It's Big Government, Stupid
Journalists who covered Patrick J. Buchanan’s abortive 1992 presidential campaign heard some remarkably stinging invective from him about the crushing burden of Big Government. When pressed for details, however, Buchanan could bring himself to name only three specific civilian budget cuts. He would repeal half the 1990 congressional pay raise, eliminate the National Endowment for the Arts, and end all foreign-aid programs—for a grand-total savings of some $13.2 billion. Yet in the 1992 fiscal year, the United States government spent nearly $1.5 trillion, an amount equal to the entire gross domestic product of united Germany. From that vast ocean of money, fed by roaring rivers of unnecessary and destructive spending, greasy with floating blobs of waste, the man who regards himself as the most fearless conservative in America would blot up rather less than 1 percent.
However marginal some of Buchanan’s views may be, his timidity in the face of Big Government is all too typical of American conservatives, including even Ronald Reagan. Reagan owed his 1980 presidential victory to what seemed at the time an inspired political stroke. There would be no more threats to throw widows out into the snow, no more Taft- and Goldwater-style calls for self-reliance, cheese-paring, and pay-as-you-go, no more flinty frugality. Rather than fight and lose the battle over the welfare state for the hundredth time, Reagan would change the subject from spending to taxes. Later, after the tax cuts had worked their supply-side magic in the form of increased revenue, there would be plenty of time to start chopping away at the excesses of Big Government.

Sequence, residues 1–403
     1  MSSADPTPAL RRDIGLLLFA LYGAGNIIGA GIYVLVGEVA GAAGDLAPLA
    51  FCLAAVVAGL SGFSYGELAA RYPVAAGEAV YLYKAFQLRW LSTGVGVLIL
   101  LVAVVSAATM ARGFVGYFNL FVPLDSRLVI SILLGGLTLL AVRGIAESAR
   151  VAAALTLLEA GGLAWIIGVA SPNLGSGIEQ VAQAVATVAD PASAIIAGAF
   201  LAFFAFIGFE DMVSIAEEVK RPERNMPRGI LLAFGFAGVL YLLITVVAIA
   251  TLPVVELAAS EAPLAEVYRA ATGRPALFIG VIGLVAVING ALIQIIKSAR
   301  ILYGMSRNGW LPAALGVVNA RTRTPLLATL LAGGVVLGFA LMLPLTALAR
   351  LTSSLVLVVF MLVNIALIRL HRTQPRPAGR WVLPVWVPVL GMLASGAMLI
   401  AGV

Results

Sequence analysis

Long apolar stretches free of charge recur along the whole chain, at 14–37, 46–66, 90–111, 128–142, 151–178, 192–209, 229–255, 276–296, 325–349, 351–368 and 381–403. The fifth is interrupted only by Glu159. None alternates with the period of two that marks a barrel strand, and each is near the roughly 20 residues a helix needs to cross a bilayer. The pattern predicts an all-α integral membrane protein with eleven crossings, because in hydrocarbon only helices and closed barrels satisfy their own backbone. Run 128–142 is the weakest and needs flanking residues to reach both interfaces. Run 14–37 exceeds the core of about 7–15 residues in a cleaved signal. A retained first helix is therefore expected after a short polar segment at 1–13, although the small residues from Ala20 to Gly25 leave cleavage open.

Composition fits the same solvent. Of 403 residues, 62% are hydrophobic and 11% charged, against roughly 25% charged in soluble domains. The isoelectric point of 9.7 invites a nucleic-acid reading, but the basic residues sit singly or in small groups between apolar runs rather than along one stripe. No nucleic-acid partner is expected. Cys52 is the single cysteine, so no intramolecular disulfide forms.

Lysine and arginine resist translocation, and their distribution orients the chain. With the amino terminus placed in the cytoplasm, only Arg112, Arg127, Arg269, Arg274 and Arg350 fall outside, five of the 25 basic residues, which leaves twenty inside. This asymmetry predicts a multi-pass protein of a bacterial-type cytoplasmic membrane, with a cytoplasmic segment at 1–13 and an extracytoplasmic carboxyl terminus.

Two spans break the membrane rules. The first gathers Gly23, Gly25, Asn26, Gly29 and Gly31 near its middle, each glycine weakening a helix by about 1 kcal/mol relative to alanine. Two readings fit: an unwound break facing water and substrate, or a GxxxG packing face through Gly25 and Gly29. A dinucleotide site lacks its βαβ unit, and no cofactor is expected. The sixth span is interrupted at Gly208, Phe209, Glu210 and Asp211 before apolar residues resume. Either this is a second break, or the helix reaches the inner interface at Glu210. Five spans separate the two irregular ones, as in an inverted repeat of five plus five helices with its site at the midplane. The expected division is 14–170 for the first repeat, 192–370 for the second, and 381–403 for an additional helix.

About the Author
David Frum is a fellow at the American Enterprise Institute and a columnist for National Review Online.